Want to be a productivity hero? You just need pen and paper!

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If you have a smartphone full of productivity helper apps, you’re not alone. Each new app to the market makes the claim that it’s better than all the other almost identical apps on the market, and that this one will be the one to change your life. Granted, it’s possible that this is the app that will work for you,

but when it comes to a productivity system that meets your specific needs, nothing beats simple pen and paper.

Simple listmaking, however, can be counterproductive, and actually encourage procrastination. It’s worth finding ways of making your lists that differentiate between different activities, and encourage productivity. One system known as Bullet Journaling is worth giving a try when it comes to structuring different aspects of your working and non-working day.

Bullet Journaling works on four separate indexes to get you organized:

  • A main index – so that you can find your brilliant ideas again easily without having to flip through dozens of pages.
  • A future planner – so that you can plan ahead with deadlines and events.
  • A month planner – so that you can plan tasks and events for the month.
  • A daily planner – effectively, your immediate ‘to-do’ list.

If your notebook doesn’t already have page numbers, write them in, so that your indexes actually make sense, then get to grips with what are known as ‘rapid logging’ techniques. Simpler than it sounds, rapid logging will merely allow you to put quick notes, appointments, and tasks all in the same place, using different symbols to distinguish them. Tasks get a bullet point, notes a dash, and appointments, a circle. Just like a conventional to-do list, finished tasks turn the dot to an X, and things that need to be moved due to time pressure, or are relevant for tomorrow as well have their dot or dash turned into an arrow, and are written in for the following day.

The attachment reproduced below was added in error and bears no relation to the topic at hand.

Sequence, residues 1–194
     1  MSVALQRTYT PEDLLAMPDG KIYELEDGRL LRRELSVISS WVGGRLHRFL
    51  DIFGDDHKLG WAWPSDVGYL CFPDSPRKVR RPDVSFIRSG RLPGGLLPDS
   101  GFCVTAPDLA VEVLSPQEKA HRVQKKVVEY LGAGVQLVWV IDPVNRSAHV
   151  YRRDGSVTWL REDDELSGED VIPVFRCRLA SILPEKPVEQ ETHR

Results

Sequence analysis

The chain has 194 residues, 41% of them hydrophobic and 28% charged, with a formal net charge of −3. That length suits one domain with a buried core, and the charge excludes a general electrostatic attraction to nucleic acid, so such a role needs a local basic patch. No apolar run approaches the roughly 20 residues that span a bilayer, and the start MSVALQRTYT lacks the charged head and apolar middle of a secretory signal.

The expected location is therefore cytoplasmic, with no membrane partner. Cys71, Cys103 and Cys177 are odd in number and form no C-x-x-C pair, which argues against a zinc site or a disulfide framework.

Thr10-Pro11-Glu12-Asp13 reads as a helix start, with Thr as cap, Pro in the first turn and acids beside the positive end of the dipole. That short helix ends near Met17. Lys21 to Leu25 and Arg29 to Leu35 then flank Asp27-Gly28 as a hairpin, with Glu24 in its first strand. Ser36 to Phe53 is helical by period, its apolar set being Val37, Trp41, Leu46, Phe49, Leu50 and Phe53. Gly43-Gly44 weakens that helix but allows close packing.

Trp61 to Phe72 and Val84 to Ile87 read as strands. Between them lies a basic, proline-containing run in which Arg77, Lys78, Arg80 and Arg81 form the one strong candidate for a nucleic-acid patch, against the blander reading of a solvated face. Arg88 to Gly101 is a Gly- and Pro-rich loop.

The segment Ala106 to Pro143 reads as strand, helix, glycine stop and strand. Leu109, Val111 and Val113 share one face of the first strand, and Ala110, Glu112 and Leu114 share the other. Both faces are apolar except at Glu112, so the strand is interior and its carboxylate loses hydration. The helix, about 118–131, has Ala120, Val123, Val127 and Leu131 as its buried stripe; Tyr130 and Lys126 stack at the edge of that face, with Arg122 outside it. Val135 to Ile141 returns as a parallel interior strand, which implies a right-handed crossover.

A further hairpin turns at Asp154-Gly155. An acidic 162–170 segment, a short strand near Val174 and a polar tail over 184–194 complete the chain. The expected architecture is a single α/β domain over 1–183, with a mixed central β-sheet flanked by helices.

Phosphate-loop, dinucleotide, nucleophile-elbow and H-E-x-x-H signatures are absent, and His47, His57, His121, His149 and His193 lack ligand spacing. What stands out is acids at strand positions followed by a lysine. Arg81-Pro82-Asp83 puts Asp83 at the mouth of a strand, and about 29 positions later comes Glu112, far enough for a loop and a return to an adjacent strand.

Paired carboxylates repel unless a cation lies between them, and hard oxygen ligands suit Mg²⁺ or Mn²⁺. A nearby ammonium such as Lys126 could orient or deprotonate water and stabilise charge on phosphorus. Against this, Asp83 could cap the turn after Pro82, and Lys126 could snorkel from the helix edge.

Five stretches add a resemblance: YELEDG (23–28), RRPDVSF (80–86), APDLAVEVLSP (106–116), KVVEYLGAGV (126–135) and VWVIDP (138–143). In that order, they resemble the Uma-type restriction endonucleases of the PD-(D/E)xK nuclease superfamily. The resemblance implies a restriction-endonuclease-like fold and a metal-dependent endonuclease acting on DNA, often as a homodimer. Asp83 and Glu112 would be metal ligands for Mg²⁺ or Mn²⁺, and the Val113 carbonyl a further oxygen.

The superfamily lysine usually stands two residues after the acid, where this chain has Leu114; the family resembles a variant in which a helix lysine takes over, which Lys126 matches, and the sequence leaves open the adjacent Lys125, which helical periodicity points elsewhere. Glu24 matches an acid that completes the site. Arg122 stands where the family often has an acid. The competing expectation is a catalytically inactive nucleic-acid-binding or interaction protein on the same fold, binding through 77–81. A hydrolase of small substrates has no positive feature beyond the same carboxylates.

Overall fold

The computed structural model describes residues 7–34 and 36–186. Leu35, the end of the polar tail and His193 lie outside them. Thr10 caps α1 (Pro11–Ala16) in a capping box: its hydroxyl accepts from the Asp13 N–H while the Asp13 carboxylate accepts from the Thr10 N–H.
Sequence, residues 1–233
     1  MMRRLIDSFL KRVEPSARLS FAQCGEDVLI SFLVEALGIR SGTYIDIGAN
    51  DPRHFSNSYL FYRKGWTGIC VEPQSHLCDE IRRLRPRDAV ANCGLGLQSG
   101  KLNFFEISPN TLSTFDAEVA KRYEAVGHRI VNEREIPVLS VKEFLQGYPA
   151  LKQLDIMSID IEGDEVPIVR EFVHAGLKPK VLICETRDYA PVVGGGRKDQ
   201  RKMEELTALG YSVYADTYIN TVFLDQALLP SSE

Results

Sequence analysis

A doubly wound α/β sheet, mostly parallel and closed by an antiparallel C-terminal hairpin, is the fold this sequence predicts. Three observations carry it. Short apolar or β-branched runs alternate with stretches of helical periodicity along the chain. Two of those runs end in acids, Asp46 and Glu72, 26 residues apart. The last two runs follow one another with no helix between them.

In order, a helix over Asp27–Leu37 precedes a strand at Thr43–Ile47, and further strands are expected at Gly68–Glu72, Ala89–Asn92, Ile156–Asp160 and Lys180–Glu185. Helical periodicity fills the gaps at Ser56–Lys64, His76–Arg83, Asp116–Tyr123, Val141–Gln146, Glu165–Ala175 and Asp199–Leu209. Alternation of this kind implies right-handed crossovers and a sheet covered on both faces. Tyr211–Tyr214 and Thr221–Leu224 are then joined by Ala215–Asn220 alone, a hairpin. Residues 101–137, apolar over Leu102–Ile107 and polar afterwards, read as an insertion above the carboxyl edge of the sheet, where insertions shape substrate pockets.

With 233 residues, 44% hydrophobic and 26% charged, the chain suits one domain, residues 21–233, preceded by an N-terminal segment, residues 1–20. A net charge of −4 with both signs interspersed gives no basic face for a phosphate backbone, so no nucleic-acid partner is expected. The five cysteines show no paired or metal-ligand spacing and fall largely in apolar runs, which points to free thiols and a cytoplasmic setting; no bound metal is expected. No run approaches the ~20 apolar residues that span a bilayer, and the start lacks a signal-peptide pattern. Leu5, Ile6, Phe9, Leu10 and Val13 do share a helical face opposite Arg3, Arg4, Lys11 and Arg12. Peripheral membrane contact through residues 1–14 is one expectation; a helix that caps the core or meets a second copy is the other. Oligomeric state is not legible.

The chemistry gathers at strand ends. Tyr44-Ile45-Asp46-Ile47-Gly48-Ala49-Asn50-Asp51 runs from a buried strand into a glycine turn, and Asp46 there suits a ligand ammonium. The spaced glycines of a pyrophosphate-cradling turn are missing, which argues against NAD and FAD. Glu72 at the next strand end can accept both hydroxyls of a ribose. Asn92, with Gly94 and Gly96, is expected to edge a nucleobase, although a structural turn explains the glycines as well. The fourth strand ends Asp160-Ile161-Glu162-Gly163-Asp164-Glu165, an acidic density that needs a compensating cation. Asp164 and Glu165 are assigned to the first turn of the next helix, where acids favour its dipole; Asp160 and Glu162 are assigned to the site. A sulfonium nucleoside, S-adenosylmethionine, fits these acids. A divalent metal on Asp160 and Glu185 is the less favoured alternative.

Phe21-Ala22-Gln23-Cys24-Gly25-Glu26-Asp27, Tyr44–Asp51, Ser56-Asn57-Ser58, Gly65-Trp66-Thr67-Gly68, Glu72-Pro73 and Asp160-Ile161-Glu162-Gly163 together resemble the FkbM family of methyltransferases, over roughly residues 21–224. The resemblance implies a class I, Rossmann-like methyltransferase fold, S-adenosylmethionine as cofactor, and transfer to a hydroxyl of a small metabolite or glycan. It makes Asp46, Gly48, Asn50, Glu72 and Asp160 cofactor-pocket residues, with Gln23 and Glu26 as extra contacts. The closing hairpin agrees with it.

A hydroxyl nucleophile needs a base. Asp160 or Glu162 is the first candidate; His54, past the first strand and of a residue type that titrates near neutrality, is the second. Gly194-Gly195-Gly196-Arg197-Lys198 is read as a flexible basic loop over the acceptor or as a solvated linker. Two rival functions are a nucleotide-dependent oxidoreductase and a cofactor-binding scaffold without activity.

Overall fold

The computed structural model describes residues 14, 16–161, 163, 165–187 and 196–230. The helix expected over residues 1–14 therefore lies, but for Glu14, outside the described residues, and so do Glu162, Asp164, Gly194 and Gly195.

In combination with your page numbers and index, Bullet Journaling could save you from a sea of never-ending post-it notes, scraps of paper, and lost contacts. Scribbled a phone number down and need to call it? No problem, it’s on page 37. Need to email that proposal but can’t find the address? You’ll find it on page 21.

Everyone will have their own methods of indexing, and if you’re stuck for ways that might work for you, Instagram and Pinterest will provide many examples of how to lay out a Bullet Journal
. You can even buy notebooks intended for just this purpose, but until you know if it works for you or not, anything with numbered pages will do just as well. At the end of each day, write relevant page numbers on your monthly log for the day, and move any tasks that you didn’t have time for to tomorrow’s list.

The major plus point that Bullet Journaling has over an app is that it encourages thinking time away from a screen.

If you create your list at the end of your working hours, it can form an effective divide, and help to improve your work-life balance, not to mention the calming process of going old-school and putting pen to paper.